But in between those mighty treatises came Dugger and Dodd's 1936 "A History of the True Religion". These two blokes were leaders in the pre-Armstrong Church of God movement, and drawing inspiration from the indefatigable Mrs White, they produced their own imaginative account of how to trace the 'true church' through the inconvenient murkiness of Christian history. I first stumbled on a copy - lovingly photocopied from an original and specially bound - while visiting at the home of a Dunedin member of the WCG in the late 1970s. This book, I was told, made it all clear. Why, even "Saint Patrick" was a Sabbath-keeper!
Okay, so I was sceptical even then. But a few years later a redaction of the original opus (third edition), published by a Jerusalem-based Duggerite offshoot, came my way, and I've never had the heart to toss it.
It's a romp from Pella to "Dr. Arius" ("the most talented, intellectual, and spiritual power of the fourth century"), from the Vaudois and Paulicians to Peter Waldo and on and on to the Seventh Day Baptists, and you can probably guess the rest. Dugger and Dodd were also fans of the "seven church eras" of Revelation.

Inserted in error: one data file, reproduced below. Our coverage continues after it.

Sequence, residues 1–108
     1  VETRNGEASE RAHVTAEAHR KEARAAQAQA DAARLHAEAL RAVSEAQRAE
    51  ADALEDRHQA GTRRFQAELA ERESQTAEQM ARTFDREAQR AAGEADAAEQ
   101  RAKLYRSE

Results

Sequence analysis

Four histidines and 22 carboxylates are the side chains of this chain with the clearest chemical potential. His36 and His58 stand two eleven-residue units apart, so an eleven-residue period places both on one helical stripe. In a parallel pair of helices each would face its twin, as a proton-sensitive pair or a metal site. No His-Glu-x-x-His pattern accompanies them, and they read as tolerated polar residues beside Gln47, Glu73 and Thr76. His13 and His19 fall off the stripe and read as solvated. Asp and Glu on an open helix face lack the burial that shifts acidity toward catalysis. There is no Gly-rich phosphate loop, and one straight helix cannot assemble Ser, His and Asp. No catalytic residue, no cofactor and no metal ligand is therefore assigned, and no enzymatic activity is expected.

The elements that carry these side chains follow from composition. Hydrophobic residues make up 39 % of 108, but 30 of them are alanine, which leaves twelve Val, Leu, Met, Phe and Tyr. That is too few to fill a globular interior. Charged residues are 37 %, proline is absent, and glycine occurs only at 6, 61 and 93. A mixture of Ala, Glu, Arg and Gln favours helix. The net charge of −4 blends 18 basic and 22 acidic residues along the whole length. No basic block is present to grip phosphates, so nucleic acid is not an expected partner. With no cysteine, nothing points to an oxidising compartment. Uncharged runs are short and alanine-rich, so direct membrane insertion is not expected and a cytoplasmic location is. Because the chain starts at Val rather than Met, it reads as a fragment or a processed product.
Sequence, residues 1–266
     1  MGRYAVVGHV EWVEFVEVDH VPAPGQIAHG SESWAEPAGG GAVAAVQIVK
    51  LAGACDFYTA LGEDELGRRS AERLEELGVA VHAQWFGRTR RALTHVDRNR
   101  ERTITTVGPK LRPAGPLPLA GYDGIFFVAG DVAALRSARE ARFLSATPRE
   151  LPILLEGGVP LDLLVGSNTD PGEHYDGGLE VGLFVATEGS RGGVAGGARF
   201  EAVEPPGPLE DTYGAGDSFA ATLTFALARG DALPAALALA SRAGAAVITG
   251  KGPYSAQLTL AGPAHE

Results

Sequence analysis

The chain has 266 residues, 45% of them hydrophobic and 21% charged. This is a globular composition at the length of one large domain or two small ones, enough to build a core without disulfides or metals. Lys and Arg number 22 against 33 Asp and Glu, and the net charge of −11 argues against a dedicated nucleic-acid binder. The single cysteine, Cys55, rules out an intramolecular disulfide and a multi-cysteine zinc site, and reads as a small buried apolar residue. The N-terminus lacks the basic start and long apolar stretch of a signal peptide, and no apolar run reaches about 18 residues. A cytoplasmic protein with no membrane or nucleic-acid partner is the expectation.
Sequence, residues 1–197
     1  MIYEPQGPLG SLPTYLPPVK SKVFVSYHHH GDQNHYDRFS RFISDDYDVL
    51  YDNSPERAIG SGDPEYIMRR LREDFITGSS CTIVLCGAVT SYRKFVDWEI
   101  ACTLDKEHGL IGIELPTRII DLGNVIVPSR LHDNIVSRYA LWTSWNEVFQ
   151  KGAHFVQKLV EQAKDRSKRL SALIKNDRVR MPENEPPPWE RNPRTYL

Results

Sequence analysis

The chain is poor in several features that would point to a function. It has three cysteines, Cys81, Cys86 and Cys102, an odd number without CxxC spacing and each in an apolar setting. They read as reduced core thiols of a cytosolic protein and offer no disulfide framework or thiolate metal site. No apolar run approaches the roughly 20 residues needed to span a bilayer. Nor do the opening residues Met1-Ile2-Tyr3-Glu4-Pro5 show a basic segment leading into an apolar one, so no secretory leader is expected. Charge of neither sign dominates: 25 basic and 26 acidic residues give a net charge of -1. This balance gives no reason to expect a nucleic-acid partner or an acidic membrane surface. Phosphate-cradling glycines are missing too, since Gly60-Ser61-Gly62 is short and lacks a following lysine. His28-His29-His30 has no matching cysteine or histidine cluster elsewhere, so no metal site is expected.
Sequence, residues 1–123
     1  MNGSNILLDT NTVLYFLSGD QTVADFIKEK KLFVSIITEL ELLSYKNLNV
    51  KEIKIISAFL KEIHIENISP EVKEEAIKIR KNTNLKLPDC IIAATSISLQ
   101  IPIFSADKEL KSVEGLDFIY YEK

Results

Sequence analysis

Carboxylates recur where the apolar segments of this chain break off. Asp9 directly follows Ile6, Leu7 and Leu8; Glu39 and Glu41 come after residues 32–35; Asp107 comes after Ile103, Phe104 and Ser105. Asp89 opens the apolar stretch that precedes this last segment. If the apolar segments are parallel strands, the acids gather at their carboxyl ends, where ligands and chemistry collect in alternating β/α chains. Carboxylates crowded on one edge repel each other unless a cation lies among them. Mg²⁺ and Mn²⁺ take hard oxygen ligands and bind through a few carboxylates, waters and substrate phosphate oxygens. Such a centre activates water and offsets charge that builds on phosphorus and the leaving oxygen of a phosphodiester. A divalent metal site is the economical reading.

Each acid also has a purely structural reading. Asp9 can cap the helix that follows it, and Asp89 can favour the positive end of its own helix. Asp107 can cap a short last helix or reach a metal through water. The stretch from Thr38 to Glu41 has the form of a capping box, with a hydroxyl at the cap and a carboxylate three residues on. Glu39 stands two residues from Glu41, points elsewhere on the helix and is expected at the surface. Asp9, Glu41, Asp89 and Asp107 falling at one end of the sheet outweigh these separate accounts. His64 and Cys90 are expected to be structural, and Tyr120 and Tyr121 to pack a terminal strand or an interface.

"The history of the early days of the church in America, from about 1620 to 1789 is covered by the latter part of the Sardis period... The Philadelphia period evidently had for its beginning about the year 1789..."What is interesting about this is that the Church of God (Seventh Day) has just published a new history of their movement, authored by prominent minister (and past president) Robert Coulter. The latest issue of Dixon Cartwright's Journal includes a review by Horst Obermeit.
Coulter, to his great credit, debunks the entire fiction of a connection with the various individuals and groups Dugger and Dodd cherry-picked from history. It's worth downloading this Journal issue just to read the review, which contains some interesting quotes.
One can only imagine the wailing and gibbering in some of the loopier COG sects as one of their favourite sacred cows heads off to the butcher's slab.
(See also Gary Leonard's take on the new book.)